Thursday, March 6, 2008

Decades of Horror - Haut de la Garenne

In the wake of the investigation into the child abuse scandal, on the small island of Jersey, the chief minister is facing mounting pressure to resign.

Several groups on Facebook have launched a campaign for the removal of Senator Frank Walker. The sites have attracted over 2,000 members.

The Telegraph is reporting: Mr. Walker, who has been in office since 2005, was accused last week of being more concerned with the island's image than the child abuse allegations, after he was overheard accusing a fellow senator of "trying to shaft Jersey internationally" by drawing attention to the problem.

Detectives are also investigating claims of an establishment cover-up which had until now apparently allowed the allegations of abuse to remain secret.

Jersey has no political parties and its parliament has been characterized as an oligarchy, run by a ruling elite drawn from the world of finance and business.

The waters seem to be muddied more and more each day!

Updated: 4:45am
Folks are speaking out about their terrifying stay in Haut de la Garenne.

Children disappeared. The locals asked no questions. Sure they must have been runaways. Few asked where those missing children actually ran to — with no money in their pockets, no families to seek?

Peter Hannaford, 59, spent the first 12 years of his life at the home. “Boys and girls were abused while I was there,” Mr. Hannaford said. “The abuse was anything from rape and torture. It was men and women who abused us. It happened every night.”

June Gleyo, 56, who moved to the island in 1971, said she knows two victims of La Garenne. “There was cruelty, but mainly sexual abuse. The two people I know were women and it was pretty harrowing. La Garenne has always had this terrible shadow hanging over it.”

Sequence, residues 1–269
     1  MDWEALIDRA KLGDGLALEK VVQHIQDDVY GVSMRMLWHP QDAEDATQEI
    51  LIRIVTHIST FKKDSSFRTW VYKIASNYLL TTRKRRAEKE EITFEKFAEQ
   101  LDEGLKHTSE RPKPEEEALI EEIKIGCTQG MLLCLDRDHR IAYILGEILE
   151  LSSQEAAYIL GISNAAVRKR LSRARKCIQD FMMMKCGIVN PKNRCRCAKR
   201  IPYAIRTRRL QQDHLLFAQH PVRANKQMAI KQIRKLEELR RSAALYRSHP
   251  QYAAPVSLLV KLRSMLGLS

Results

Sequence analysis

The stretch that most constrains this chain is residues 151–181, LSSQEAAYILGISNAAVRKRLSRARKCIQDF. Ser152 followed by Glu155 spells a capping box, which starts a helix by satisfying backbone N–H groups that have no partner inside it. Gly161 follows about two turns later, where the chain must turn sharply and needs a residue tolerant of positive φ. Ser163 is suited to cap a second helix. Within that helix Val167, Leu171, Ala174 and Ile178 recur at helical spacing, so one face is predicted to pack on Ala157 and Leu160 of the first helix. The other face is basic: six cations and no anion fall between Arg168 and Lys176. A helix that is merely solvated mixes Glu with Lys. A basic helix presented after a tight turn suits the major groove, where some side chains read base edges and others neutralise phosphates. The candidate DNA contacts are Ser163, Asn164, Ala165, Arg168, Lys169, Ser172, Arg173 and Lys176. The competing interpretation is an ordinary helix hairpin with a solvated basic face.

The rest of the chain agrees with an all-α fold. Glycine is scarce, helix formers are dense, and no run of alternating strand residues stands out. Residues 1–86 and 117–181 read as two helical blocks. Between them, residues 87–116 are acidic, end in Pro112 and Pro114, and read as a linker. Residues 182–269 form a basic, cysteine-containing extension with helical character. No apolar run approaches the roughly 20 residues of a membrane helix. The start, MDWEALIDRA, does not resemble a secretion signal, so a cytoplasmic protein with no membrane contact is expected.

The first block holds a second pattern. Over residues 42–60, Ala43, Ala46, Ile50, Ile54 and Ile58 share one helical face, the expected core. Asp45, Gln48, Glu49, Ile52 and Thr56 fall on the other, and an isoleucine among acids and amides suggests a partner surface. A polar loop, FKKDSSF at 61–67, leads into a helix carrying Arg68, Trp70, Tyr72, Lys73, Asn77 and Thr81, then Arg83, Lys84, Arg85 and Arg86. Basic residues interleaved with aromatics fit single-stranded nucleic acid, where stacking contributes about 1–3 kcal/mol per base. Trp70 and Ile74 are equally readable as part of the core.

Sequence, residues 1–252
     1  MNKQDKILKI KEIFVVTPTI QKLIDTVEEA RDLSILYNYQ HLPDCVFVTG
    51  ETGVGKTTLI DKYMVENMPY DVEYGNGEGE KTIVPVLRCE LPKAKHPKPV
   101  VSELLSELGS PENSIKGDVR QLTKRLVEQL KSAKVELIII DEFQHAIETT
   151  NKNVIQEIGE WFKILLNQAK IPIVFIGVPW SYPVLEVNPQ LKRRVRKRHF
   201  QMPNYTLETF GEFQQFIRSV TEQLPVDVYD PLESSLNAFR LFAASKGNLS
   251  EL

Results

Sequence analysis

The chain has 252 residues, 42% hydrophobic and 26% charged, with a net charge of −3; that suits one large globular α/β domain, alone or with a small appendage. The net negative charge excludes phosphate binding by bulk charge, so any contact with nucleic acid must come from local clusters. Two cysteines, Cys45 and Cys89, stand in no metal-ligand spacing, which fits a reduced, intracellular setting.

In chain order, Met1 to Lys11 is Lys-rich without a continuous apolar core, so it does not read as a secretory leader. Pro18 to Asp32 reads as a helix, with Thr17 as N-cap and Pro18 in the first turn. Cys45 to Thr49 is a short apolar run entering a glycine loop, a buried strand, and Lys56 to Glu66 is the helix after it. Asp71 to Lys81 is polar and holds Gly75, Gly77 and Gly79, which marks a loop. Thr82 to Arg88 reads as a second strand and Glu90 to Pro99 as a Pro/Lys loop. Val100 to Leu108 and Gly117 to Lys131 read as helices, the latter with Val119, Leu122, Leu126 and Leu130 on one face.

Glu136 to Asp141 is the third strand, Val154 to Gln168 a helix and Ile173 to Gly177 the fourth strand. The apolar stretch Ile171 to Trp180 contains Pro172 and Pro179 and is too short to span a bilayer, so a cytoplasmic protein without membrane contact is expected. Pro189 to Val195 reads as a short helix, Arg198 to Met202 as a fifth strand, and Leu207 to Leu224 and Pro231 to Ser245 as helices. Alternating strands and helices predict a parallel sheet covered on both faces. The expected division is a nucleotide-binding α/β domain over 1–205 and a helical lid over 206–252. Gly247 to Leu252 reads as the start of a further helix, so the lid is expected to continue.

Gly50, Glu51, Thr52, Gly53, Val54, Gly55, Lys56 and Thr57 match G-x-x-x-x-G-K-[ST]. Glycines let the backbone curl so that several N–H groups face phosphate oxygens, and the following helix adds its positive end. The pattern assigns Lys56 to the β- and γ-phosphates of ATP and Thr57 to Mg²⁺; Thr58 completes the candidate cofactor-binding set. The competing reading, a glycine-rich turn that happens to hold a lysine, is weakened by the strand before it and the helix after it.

But Haut de la Garenne was like a prison, according to one former resident. Chris (not his real name) went to Haut de la Garenne for two years during the 1960s. He was aged eight and his parents had spilt up. He remembers it being common for staff to randomly hit children, caning was commonplace and elder children could be put into isolation for up to 24-hours. “It wasn’t a children’s home, it was a children’s prison.”

Chris said: “If you were walking down a corridor and a member of staff was coming the other way you got a slap round the head, just for being there. I still flinch now when someone slaps me on the head, even in a friendly way.”

The effect of the regime meant children looked after each other. “When I went there I was quite green, but one of the older children befriended me,” he said.

That boy was found some years later hanging from a tree after apparently committing suicide, he said.

One woman, known only as Pamela, branded the home a “pedophile’s paradise”, saying she was given heavy doses of valium and abused by male and female staff during her four years there in the 1970s.

She says she was one of many children who were stripped naked and locked inside a tiny cell for days.

She described how children would cower in their beds while staff searched for their next victims, offering cigarettes and alcohol in return for sexual favors.

“The things that happened there are indescribable — the most cruel sadistic and evil acts you could think of,” Pamela said. “What makes it worse is that these acts were practiced on very vulnerable and often troubled children who had nowhere to go and nobody to turn to for help.”

Jersey has, of course known trauma before. The Nazi flag flew over this British isle for five years during World War II. Many in Jersey still talk about the occupation, including Fred Carpenter who lived through it. He was a resident of the children’s home that later became known as Haut de la Garenne.

“It was like a horror camp, what happened during the war,” Mr. Carpenter said. “After the war, the state’s doctor examined all the boys, and I was so undernourished, they only gave me two months to be alive.”

The 76-year-old recalled terrible beatings in the home, of young boys disappearing without explanation.

Police have a list of 40 suspects, who have been described as respected figures of the establishment.


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